Krabbe's disease affects predominantly infants. In 25% of the cases, the symptoms appear before 3 months of age; in 80%, the onset of symptoms occurs between 3 and 6 months; in less than 10% of the cases, the symptoms appear after the 1st year of life, presenting a clinical course with accelerated progress (8,9). Cases of juvenile Krabbe's disease have been described, affecting children between 2 and 6 years of age or more (10); however, the clinical course could not be well established due to the scarcity of cases.

The clinical manifestations of Krabbe's disease are unspecific and progressive. The initial symptomatology is characterized by the interruption or regression of psychomotor development. Hagberg et al. (11) proposed a classification of the symptoms into three distinct stages: in the first, a neuropsychomotor deterioration is observed along with fever of unknown origin and irritability; in the second stage, a clear neurological disorder can be evidenced, as well as hypertonia and tendency to opisthotonus, evolving to vegetative life in the terminal stage. Other signs and symptoms observed consist of multiple spontaneous spasms, characterized by hyperextension of the limbs and head, presence of Babinski sign, lack of deep reflexes, vomiting, and head growth retardation, which results in microcephaly, as observed in the case here presented.

Diagnostic certainty of Krabbe's disease, as well as its prenatal diagnosis, is established by the dosage of galactosylceramidase in a fibroblast and leukocyte culture (12); this test is not commonly performed in Brazil. However, the analysis of the clinical status, associated with protein dosage in the cephalorachidian fluid, electromyography, and ultrastructural analysis of the peripheral nerve (10) are very useful in helping establish the diagnosis. Molecular heterogeneity in juvenile Krabbe's disease has been demonstrated, and indicates that mutations in different sites result in the same disorder (13).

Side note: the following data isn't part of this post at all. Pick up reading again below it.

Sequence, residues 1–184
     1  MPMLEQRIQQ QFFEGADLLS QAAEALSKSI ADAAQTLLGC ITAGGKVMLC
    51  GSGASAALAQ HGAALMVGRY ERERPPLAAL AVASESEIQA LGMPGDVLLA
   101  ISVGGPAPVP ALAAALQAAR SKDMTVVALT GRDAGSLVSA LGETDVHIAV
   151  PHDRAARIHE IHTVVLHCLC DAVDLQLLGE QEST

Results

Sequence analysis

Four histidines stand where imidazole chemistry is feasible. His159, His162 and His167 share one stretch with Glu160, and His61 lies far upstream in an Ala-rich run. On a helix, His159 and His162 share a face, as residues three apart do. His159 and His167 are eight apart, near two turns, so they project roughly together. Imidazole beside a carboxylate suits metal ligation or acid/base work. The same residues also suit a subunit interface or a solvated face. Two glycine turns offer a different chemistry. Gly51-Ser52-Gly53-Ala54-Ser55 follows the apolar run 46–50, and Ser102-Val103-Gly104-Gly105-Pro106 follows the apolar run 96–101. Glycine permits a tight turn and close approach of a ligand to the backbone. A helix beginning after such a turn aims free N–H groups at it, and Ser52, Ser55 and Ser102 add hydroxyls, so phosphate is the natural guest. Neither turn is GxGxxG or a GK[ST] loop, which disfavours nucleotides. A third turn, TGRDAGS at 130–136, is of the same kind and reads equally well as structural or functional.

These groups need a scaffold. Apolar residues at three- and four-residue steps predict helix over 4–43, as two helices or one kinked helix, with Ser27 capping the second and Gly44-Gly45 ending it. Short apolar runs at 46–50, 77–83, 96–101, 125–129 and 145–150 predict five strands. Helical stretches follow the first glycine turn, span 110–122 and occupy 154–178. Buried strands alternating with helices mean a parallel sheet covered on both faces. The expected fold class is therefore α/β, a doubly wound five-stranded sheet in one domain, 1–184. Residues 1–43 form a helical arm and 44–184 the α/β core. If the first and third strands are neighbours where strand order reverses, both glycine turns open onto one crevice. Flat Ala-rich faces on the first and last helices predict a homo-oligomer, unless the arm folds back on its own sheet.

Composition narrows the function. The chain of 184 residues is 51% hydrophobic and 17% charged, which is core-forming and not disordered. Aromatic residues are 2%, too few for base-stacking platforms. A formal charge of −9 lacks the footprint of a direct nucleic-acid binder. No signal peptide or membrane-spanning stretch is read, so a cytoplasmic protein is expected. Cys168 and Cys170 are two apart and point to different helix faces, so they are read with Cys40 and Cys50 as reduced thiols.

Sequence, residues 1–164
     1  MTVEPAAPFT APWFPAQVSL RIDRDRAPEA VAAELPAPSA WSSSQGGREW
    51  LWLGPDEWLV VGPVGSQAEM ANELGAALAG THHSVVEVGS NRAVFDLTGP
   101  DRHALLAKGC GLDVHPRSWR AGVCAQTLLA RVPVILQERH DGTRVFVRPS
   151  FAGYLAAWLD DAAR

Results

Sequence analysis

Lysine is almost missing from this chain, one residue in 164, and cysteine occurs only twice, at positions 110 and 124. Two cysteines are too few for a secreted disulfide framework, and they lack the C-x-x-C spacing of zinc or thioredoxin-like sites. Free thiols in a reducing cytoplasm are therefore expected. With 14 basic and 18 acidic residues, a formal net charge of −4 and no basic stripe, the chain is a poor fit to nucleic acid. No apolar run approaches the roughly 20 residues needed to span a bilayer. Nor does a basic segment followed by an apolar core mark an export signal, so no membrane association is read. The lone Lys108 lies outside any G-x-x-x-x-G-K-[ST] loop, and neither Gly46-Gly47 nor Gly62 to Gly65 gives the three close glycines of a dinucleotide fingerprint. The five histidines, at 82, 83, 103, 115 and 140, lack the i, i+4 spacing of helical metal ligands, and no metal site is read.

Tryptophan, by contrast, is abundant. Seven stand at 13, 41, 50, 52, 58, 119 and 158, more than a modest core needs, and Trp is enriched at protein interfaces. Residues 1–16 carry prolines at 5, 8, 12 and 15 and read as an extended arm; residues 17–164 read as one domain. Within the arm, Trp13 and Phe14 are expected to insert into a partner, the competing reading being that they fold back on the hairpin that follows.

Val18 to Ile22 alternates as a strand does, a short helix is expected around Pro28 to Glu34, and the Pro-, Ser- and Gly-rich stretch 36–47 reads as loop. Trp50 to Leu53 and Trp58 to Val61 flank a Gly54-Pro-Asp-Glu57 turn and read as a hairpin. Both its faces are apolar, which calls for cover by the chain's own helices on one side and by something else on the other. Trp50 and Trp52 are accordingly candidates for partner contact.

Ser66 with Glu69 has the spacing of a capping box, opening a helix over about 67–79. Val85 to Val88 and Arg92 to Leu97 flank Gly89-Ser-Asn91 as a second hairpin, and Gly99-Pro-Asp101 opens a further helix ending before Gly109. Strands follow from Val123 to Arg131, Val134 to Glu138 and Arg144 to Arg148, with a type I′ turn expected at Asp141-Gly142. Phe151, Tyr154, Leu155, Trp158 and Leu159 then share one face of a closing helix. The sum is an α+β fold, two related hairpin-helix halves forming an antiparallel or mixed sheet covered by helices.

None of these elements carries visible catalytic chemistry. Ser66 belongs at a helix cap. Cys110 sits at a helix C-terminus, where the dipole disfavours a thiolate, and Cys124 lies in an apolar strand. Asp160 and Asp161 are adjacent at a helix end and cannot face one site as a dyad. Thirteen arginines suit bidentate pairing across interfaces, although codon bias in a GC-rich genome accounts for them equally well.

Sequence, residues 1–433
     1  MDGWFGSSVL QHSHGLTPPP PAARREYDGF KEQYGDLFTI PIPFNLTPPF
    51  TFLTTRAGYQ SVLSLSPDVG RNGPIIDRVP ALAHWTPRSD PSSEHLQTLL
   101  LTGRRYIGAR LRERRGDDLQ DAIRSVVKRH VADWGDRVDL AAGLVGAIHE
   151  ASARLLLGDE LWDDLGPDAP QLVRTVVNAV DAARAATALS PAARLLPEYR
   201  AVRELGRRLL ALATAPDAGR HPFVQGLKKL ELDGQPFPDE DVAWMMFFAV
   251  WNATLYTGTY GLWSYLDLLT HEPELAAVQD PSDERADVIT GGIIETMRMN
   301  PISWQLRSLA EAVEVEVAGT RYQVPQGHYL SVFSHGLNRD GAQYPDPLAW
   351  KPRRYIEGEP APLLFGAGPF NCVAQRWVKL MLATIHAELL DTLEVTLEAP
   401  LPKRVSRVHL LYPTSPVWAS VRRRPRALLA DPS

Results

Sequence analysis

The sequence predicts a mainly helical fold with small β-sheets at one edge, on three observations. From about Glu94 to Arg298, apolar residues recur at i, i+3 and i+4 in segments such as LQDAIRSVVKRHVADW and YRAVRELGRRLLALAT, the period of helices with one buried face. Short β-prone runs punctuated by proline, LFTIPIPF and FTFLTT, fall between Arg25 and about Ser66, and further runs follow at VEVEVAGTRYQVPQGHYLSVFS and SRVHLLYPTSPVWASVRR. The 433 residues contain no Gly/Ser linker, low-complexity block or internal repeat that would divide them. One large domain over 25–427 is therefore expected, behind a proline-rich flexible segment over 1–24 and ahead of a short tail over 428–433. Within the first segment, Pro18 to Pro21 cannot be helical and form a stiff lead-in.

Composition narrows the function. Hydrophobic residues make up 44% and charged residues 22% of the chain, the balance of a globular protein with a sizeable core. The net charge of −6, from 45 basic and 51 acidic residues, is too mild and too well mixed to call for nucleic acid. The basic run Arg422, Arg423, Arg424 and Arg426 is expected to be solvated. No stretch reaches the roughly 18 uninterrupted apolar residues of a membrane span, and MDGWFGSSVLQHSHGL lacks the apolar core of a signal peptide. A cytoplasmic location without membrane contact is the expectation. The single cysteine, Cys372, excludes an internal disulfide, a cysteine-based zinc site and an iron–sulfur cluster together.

The analysis of the cephalorachidian fluid demonstrates an increase in the rate of proteins, which may vary from 70 to 450 mg/dl. In the electromyographic study, we observed an important decrease in the nerve conduction velocity, which becomes accentuated as the disease develops. The EEG may present unspecific findings, compatible with diffuse cerebral distress. The ultrastructural analysis of the peripheral nerve biopsy showed crystalline, quadrangular or spicular inclusions, dense lamellar aggregates in the cytoplasm of Schwann cells, and mesenchymal cells of the nerve (2).

In cases of study through necropsy, the neuropathological analysis evidences cerebral atrophy, diffuse demyelination, and calcifications in the white matter. Intense gliosis can be demonstrated in the cortex and in the basal nuclei, especially in perivascular spaces of the white matter. Globoid cells constitute the pathognomonic finding of Krabbe's disease, and they are represented by cells with 15 to 20 mm in diameter, mono or binucleated, derived from the microglia and macrophages distended due to the central accumulation of galactocerebroside, in which a strong Sudan staining can be noticed, as well as absence of reactivity to glial fibrillary acidic protein (14).

The prognosis of patients affected by this entity is somber because of the progressive demyelination caused by the toxicity of psychosine. However, with the techniques created by biochemistry and molecular genetics, the diagnosis may be established early (15); this emphasizes the importance of the physician, pathologist or pediatrician in the confirmation of the diagnosis, and the subsequent genetic advise for the family, since there is a 25% risk of recurrence for future generations.